A multiple sclerosis patient has hit out at a "postcode lottery" in treatments for the condition as she battles to get funding for the UK's first licensed cannabis-based medication.
Full report by Charlotte Cross here:
Yvette Hodges, aged 39, has been recommended for Sativex by her neurologist as an add-on treatment to reduce the pain caused by severe spasticity in her legs, which makes walking almost impossible.
She has to use crutches around the house, and a wheelchair when outside, as she is in danger of falling.
She is currently on high levels of oral morphine to try to tackle the pain, but is keen to wean herself off the highly addictive medication as soon as possible - particularly if there is an alternative available.
But the Worcestershire Area Prescribing Committee, responsible for commissioning drugs, has refused her the treatment, saying they need more evidence that it's value for money.
Sativex is an oral spray, and is the UK's first licensed cannabis-based medication.
Studies have found around 48 per cent of people who use it show good to significant improvement (Source: MS Society) - but each local NHS trust can currently decide for themselves whether to provide it or not.
And with anecdotal evidence suggesting high levels of people with MS turn to illegal cannabis to help tackle the pain, campaigners are now calling on the health service to make it more widely available.
Cannabis itself has been used as a medicinal treatment for hundreds of years, but is still illegal in the UK in its raw form.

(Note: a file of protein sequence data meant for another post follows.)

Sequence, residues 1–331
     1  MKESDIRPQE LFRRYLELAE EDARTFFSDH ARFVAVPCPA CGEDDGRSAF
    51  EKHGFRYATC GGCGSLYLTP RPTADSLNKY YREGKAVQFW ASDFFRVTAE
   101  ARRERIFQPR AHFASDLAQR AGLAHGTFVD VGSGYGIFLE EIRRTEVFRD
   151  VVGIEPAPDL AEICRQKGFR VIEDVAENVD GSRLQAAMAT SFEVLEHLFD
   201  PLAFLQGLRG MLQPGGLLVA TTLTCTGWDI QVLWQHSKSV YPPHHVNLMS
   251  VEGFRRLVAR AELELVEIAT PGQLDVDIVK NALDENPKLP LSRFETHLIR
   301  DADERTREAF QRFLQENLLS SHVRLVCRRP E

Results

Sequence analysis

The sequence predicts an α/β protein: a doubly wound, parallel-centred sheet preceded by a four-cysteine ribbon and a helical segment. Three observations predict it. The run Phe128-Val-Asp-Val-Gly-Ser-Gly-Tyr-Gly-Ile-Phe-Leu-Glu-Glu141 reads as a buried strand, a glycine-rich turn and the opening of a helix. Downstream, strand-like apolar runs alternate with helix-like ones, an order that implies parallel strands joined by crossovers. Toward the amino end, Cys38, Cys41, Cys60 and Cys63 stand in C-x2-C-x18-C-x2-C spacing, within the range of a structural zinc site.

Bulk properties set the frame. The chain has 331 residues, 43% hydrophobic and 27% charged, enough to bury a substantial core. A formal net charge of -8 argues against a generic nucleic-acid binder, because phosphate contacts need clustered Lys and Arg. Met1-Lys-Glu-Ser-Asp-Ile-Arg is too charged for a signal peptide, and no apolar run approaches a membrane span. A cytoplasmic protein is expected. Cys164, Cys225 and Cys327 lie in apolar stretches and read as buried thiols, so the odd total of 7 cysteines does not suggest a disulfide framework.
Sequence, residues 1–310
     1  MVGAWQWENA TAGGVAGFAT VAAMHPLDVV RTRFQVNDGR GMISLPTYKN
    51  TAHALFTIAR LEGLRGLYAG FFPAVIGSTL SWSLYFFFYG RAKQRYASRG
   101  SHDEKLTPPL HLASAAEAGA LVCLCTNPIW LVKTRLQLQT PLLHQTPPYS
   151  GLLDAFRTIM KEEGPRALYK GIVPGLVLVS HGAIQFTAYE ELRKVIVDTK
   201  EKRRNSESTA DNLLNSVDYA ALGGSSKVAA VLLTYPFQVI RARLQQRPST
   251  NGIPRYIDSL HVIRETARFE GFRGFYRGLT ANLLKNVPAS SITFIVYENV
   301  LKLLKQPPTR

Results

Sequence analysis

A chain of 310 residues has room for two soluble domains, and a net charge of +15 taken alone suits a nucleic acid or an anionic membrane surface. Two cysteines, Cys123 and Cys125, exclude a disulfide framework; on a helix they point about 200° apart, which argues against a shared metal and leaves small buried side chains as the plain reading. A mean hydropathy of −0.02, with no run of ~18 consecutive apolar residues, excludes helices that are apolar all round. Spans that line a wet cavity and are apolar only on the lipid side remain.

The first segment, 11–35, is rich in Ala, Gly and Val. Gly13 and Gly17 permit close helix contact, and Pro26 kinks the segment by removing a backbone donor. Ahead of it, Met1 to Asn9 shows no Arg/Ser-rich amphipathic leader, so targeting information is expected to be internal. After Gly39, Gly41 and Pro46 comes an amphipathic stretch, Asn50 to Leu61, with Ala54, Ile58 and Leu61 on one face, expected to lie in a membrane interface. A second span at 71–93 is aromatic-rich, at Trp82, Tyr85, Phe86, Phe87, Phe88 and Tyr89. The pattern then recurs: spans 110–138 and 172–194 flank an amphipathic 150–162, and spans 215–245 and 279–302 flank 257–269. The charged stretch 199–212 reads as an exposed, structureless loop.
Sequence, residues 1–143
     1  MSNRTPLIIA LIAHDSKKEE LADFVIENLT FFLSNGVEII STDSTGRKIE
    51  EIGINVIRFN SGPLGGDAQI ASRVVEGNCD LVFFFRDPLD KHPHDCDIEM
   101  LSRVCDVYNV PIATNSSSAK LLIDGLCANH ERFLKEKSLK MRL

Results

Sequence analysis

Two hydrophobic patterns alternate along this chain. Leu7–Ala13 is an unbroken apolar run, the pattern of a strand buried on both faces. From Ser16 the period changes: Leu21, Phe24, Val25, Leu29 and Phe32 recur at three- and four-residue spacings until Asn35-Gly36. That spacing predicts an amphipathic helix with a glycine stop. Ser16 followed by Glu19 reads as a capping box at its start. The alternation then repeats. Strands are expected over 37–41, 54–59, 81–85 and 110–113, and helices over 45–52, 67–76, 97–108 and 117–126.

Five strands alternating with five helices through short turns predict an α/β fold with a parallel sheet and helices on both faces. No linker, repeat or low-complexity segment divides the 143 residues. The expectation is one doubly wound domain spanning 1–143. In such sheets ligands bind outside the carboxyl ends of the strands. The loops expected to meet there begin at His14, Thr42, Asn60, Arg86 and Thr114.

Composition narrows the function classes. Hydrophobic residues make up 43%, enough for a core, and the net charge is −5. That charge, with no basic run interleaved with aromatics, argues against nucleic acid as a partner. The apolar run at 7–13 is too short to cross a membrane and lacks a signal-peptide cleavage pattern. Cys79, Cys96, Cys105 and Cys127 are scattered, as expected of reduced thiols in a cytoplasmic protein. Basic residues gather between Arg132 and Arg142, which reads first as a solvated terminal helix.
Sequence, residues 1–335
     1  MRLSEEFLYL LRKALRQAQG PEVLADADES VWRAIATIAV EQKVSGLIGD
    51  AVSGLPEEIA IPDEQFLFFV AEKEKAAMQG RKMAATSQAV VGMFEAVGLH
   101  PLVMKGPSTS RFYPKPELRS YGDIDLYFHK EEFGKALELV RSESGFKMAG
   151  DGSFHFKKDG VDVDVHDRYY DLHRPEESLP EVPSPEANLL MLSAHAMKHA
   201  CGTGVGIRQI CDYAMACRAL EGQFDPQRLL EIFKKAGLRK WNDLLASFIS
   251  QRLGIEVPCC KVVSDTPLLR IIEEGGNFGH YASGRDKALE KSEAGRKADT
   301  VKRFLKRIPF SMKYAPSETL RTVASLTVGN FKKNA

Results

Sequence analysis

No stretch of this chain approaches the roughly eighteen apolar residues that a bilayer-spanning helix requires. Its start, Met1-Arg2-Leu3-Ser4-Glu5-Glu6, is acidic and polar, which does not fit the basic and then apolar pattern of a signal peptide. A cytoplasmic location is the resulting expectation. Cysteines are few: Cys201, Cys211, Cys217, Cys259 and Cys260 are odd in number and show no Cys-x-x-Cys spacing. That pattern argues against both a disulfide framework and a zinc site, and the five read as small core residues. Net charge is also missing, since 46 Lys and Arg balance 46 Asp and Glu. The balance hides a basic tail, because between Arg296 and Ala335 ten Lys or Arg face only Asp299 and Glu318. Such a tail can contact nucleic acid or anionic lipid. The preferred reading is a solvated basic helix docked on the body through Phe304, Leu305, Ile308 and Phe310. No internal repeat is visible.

Yvette said she herself is aware of a number of people who self-medicate with cannabis, through various support groups and networks online.
It's a cause which has won the support of the MS Society, which launched its Treat Me Right campaign earlier this year to call on health bosses to review prescribing levels for people diagnosed with MS.
Nick Rijke, director of policy and research for the charity, urged the government to act on its promises and help make the drug more widely available.
NHS Redditch and Bromsgrove Clinical Commissioning Group spokesman Gary Hammersley said the Worcestershire Area Prescribing Committee had considered the evidence relating to Sativex for use of the treatment and the cost-effectiveness for patients.
MS is not the only condition for which cannabis-derived medication is believed to have a positive effect, and Cancer Research UK is among those charities which have begun to fund extensive research into how it could be used to treat various types of cancer.
Dr Kat Arney, Cancer Research UK’s science communications manager, said:
What is MS?
- Multiple sclerosis (MS) is a neurological condition in which the coating around nerve fibres, called myelin, is damaged when the body's immune system begins attacking it
- It affects around 100,000 people in the UK
- Around three times as many women have MS as men
- Most people are diagnosed between the ages of 20 and 40, but it can affect older and younger people too
- The cause is not known and there is no known cure
Symptoms commonly include:
- Vision problems
- Balance problems and dizziness
- Bladder problems
- Spasms and spasticity